Step 1 - The power steering system utilizes hydraulic fluid to transfer force from the power steering pump to the rack and pinion or steering box. Check the power steering fluid level by locating the power steering fluid reservoir and remove the cap (twist counter clockwise) to inspect the fluid level in the pump fluid reservoir. Some systems have a fluid level dip stick mounted inside the cap while others are present on the side of the fluid reservoir, if the fluid level is down or empty the system has a leak. Inspect the pump, hoses and rack and pinion or box assembly, replace worn or broken components as needed.
Step 2 - The steering pump is driven by a serpentine belt which is used to transfer energy from the engine to the hydraulic steering pump assembly. If the belt is in poor condition or has failed completely it will render the system non-operational.
Step 3 - A hydraulic pump is used to supply fluid pressure which is needed to operate the system. If the pump fails internally, the pressure needed to operate the system is not present rendering the system non-operational. The power steering pump must be replaced and refilled with fluid. (Note: some power steering pump pulleys are pressed on and require a specialized tool to be removed and replaced).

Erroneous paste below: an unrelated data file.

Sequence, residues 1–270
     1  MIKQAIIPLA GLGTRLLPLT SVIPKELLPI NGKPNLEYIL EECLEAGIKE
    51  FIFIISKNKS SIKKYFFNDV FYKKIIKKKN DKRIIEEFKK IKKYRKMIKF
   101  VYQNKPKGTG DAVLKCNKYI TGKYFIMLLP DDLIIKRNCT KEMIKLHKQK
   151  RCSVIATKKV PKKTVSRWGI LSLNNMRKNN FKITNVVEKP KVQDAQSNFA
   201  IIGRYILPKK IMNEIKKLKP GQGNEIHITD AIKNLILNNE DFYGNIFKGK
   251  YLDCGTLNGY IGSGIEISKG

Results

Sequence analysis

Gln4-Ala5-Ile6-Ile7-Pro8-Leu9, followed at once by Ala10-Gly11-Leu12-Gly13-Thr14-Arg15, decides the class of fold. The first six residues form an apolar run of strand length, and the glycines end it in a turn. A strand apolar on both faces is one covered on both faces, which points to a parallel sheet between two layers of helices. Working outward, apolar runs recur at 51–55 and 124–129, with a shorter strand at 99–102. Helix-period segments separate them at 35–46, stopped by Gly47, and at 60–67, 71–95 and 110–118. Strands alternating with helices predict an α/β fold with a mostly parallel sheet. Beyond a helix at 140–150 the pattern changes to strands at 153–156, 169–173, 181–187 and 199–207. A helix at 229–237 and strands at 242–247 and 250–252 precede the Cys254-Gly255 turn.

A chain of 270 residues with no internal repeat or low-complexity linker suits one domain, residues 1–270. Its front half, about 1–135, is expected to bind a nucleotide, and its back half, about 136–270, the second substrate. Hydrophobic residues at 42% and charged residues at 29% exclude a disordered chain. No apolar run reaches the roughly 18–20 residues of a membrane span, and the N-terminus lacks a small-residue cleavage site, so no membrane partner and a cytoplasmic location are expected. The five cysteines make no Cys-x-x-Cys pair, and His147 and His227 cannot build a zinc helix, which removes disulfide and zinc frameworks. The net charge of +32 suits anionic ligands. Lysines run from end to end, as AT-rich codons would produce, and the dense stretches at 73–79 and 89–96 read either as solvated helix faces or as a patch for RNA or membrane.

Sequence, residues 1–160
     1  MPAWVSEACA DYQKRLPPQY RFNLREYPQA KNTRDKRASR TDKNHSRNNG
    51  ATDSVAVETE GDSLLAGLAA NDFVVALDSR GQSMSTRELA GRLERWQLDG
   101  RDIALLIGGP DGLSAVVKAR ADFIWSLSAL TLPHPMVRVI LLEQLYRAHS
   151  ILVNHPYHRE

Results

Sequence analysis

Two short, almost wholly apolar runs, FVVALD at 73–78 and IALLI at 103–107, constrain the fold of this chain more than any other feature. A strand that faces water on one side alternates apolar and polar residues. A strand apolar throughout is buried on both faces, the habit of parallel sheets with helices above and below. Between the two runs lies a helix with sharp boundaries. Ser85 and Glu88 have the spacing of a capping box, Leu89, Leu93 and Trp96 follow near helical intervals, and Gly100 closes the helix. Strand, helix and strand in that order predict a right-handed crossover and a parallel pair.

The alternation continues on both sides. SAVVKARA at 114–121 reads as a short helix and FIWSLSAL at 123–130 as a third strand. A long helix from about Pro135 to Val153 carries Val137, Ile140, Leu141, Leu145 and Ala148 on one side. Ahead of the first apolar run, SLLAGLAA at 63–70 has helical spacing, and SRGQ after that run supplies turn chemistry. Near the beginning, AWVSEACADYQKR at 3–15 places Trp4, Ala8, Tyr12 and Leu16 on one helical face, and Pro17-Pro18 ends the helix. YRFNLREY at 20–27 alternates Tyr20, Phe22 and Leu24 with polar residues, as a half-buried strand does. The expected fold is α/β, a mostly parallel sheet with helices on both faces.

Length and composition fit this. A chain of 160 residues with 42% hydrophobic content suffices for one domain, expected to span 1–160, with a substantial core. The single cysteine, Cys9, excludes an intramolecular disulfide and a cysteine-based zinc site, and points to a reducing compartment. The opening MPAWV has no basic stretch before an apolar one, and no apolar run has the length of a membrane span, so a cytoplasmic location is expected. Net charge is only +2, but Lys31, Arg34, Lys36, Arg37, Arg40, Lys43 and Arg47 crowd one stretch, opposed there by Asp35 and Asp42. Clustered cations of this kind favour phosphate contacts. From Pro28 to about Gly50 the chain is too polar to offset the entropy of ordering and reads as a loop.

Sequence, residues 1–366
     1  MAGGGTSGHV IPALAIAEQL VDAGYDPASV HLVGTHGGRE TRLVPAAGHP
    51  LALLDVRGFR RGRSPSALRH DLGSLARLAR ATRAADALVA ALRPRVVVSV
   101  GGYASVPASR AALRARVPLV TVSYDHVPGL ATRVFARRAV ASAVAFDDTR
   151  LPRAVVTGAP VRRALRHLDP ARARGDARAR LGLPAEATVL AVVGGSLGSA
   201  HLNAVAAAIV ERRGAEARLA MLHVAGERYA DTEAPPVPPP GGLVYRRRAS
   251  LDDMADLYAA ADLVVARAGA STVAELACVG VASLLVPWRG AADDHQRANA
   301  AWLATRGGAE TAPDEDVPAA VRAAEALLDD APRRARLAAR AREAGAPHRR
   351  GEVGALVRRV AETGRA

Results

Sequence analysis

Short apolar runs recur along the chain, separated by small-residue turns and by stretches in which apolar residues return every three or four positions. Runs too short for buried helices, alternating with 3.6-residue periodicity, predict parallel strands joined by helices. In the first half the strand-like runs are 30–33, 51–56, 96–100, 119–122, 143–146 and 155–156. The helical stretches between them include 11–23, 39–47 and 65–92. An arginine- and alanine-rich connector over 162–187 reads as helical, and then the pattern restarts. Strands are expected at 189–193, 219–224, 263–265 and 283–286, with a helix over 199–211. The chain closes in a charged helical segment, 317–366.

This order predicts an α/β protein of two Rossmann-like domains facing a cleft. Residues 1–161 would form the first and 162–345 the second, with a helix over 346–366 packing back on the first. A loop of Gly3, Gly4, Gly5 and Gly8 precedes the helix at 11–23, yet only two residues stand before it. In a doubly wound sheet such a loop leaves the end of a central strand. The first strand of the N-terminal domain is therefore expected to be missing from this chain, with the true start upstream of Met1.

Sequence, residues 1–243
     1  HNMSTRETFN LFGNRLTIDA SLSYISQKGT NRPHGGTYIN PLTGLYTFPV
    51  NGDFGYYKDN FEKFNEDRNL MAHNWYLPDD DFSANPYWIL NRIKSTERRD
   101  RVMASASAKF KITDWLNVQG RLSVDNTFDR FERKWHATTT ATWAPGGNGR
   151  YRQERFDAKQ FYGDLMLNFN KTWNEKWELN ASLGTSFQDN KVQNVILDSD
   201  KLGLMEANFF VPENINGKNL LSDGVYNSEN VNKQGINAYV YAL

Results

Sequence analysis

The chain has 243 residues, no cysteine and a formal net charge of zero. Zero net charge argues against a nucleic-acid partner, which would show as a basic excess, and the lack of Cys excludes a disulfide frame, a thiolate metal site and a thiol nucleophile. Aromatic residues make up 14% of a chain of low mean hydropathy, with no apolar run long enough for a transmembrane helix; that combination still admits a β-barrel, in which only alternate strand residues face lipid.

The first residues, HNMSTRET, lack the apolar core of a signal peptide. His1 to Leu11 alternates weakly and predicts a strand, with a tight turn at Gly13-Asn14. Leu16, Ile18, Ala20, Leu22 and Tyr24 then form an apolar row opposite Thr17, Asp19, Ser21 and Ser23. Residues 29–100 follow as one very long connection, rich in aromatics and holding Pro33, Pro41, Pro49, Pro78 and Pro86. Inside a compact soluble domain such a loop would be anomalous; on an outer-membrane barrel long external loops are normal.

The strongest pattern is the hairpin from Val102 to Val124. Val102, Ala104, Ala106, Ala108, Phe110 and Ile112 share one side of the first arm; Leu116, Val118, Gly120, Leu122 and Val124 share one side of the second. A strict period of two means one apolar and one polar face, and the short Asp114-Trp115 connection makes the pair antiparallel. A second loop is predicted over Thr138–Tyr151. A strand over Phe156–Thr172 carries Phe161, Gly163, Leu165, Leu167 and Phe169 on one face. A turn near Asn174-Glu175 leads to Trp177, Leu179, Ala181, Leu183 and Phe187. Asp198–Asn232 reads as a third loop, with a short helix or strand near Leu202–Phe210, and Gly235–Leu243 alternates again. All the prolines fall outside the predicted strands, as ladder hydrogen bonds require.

Step 4 - If everything checks out and power steering problems still exist the rack and pinion, or steering box is the only component that remains. When replacing a pump be sure to flush the system before refilling it with new fluid.
A power steering system is designed to utilize power from the engine to assist in the force needed to steer the vehicle. A pump pressurizes the fluid and transfers it through hoses which are connected to a power steering box or rack and pinion. If the power steering malfunctions the vehicle can be difficult to control. It is advised NOT to move a vehicle with the power steering system not operating or engine not running.
Please if you are not a professional, please don't try this on your car so that you won't cause more damages to it